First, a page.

ByPramit Chatterjee, writer at Creators.co
Enthusiastic reviewer of anything that moves. My undercover Twitter id is: @pramitheus
Pramit Chatterjee

Stanley Kubrick's The Shining is widely considered to be one of the greatest psychological horror films of all time. From Jack Nicholson and Shelley Duvall's portrayals to the bone-chilling score by Wendy Carlos and Rachel Elkind, this 1980 adaptation of Stephen King's novel has inspired the horror genre for generations. Although contemporary critics lambasted the movie at the time, The Shining's popularity has increased exponentially since release. In fact, the film was called one of the scariest films of all time by veteran director, Martin Scorsese.

However, Kubrick's work failed to impress Stephen King. The author even bought back the rights to his novel in order to make a critically berated three-part TV adaptation of the same name in 1997. While the Mick Garris-directed film did bring back some of the elements that Kubrick had omitted due to financial constraints, this effort was widely considered to be the inferior adaptation.

We now know that Lisa and Louise Burns – the actresses who played the Grady twins in Kubrick's adaptation – happen to agree with those criticisms. They recently took a swing at Garris's adaptation, revealing their shared opinion of the three-part mini-series.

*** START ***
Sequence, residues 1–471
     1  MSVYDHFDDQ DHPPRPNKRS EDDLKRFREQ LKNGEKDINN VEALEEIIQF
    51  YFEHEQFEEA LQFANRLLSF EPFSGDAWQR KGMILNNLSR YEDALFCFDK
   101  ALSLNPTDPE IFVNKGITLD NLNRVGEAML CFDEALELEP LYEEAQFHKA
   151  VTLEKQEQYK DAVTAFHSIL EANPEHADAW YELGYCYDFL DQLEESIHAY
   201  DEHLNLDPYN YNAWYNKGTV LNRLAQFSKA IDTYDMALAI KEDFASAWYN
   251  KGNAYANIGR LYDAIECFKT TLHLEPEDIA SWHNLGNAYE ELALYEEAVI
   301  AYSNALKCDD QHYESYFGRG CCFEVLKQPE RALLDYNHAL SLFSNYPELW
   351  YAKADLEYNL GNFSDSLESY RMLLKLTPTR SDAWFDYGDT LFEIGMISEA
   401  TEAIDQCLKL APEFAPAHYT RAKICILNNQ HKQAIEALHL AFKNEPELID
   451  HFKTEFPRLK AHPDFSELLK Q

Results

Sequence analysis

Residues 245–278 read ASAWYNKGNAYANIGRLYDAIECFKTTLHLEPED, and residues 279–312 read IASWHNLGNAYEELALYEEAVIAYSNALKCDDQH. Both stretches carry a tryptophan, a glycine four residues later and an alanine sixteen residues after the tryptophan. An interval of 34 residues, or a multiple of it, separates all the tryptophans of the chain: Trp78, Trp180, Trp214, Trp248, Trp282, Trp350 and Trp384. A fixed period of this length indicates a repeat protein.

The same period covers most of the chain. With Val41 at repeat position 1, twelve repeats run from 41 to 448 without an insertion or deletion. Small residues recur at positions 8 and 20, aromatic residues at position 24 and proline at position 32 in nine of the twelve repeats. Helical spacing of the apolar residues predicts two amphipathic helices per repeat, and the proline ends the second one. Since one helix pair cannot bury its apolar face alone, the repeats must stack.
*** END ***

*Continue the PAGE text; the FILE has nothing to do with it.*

"No, it was crap. Stephen King bought the rights back and made his own movie. It was an expensive mistake for him because once his book was optioned nobody else could option his book, legally, he had to buy that option back. That was expensive for him...and what a movie he made! He never made any of the money back."

All three versions of The Shining tell the story of Jack Torrance, an aspiring writer and recovering alcoholic, who takes a part-time job as the caretaker of the Overlook hotel in the hopes that it will help him pay his dues and give him time to finish his novel. However, this is where the subtle similarities end, as both King and Garris dive into the fantastical aspects of the hotel, while Kubrick walks the fine line between reality and fiction – thereby allowing him to scar everyone's mind with the Grady twins.

Garris didn't have the budgetary constraints that Kubrick had, and went on to make a faithful adaptation of King's novel. However, this meant leaving nothing to the audience's imagination. Nevertheless, the entertainment industry is now witnessing another Stephen King resurgence. Stangroom asked whether the sisters would be interested in yet another remake that could be part of a cinematic universe – but they shut down the idea immediately.

"Leave it as it is, don't touch. The master made it, leave it alone"

While fans adore Kubrick's unique portrayal of horror and Jack Nicholson's maniacal shenanigans, King still isn't a fan of either. But despite the author's complaints, The Shining still stands out as a classic and most fans will certainly agree that there's no need for a modern adaptation. However, as the latest Stephen King adaptations have provided several nods to Kubrick's The Shining, they may choose to focus on the novel's sequel, Doctor Sleep, and continue Danny Torrance's story in the current cinematic universe.

Would you like to see a remake of The Shining set in the Stephen King cinematic universe? Let me know in the comments.

(Source: Jamie Stangroom Youtube)

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